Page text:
# Doubt about Neyman-Pearson lemma and sufficiency (Fisher-Neyman factorization)

### Some context

This question came to my head when reading Corollary 8.3.13 from Casella-Berger's Statistical Inference book, whose proof relies completely on my question. Similar questions have been asked (check this) but none of them with a satisfactory answer.

Let $$\mathcal{X}:=\mathbb{R}^n\supset\textrm{Im}(X_1,\dotsc,X_n)$$ where $$\{X_i\}_{i=1}^{n}$$ are independent and identically distributed random variables. Also, let's say we know that the measure induced by $$(X_1,\dots,X_n)$$ over $$\mathcal{X}$$ is in the set $$\mathcal{P}:=\{P_{\theta}:\ \theta\in\Theta\}$$.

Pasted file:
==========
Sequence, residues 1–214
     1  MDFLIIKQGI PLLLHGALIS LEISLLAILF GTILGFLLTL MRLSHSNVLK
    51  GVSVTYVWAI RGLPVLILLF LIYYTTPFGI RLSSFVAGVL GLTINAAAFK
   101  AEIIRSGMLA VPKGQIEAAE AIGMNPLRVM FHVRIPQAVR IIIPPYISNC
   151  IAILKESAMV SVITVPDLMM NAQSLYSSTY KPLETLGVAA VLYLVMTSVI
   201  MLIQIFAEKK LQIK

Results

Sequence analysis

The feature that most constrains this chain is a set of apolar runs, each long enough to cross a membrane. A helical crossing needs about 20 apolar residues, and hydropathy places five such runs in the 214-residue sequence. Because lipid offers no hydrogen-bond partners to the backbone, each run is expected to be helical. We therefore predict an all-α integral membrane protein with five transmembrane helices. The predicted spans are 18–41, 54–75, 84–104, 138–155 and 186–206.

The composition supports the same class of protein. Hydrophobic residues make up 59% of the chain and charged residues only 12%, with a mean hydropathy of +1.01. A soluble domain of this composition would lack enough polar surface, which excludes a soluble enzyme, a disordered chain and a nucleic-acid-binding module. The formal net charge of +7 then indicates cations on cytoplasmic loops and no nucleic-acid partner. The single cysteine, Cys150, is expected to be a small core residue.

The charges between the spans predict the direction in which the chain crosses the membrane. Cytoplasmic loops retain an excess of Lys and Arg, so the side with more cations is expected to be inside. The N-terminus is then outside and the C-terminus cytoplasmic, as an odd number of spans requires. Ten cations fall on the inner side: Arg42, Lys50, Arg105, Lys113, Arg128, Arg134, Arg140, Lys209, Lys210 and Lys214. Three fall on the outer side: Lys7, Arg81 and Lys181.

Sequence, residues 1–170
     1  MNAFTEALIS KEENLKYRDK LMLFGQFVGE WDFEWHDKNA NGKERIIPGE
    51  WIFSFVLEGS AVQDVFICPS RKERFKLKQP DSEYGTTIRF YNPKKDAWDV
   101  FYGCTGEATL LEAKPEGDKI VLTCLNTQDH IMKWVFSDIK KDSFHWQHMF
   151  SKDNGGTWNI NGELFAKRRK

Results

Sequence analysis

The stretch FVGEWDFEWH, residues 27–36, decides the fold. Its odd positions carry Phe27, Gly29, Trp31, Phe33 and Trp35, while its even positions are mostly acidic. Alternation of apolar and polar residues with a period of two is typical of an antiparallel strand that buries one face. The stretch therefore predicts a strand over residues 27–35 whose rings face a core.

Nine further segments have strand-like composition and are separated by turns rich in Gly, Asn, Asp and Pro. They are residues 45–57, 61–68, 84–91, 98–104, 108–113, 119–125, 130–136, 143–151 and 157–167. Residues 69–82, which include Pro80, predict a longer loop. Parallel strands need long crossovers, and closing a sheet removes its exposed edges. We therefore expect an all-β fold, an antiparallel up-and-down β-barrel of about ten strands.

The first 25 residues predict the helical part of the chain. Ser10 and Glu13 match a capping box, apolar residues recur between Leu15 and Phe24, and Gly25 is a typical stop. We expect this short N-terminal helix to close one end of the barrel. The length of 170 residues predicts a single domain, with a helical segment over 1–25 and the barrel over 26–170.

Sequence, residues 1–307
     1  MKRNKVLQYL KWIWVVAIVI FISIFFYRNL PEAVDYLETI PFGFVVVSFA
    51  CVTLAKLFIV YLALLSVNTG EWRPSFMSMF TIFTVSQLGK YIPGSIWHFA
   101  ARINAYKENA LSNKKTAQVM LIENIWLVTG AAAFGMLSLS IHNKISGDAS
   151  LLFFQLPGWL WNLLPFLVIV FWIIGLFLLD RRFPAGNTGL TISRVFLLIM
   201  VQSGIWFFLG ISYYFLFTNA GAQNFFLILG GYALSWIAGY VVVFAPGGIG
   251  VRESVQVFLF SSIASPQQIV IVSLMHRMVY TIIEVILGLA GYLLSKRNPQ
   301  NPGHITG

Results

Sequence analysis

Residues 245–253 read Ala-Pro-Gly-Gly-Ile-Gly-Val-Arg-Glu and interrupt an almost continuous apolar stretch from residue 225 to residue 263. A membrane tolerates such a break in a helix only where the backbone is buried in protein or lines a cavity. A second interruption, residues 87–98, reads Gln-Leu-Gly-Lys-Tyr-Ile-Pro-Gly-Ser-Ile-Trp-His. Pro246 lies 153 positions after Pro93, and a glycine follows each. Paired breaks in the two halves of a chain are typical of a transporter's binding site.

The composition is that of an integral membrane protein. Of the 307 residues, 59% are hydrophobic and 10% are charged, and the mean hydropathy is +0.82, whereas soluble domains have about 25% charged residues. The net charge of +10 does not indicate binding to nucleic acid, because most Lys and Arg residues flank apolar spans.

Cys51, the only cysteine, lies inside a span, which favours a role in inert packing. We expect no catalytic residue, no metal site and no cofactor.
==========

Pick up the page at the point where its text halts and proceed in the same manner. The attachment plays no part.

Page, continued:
By the Neyman-Fisher factorization theorem, if $$\mathcal{P}$$ is a family dominated by $$\mu$$, then $$T$$ is a sufficient statistic if and only if $$f_{\theta}(\mathbf{x}):=\frac{dP_{\theta}}{d\mu}=g_{\theta}(T(\mathbf{x}))h(\mathbf{x})$$ for some non-negative measurable functions $$g_{\theta}$$ and $$h$$.

### The question

If the measures of $$\mathcal{P}$$ are discrete, then it is easy to prove that $$g_{\theta}$$ if the p.m.f. of $$T$$. But what happens if $$\mu$$ is the Lebesgue measure? Is $$g_{\theta}$$ the p.d.f. of $$T$$? At least in some cases?

### My try

I tried to re-read carefully the proof of the factorization theorem, but this is the best I could achieve $$$$P_{T,\theta}(B)=\int_{B}\frac{dP_{\theta}\circ T^{-1}}{dx}dx=\int_{B}g_{\theta}\sum_{i=1}^{\infty}c_i\frac{dP_{\theta_i}\circ T^{-1}}{dx}dx\text{, }$$$$

• The factorization $f=gh = (cg)(h/c)$ is not unique, so its hard to see how you could conclude $g$ integrates to $1$. Feb 16, 2021 at 11:01
• So, is there a factorization such that $g$ is the p.d.f of $T$? Feb 16, 2021 at 11:07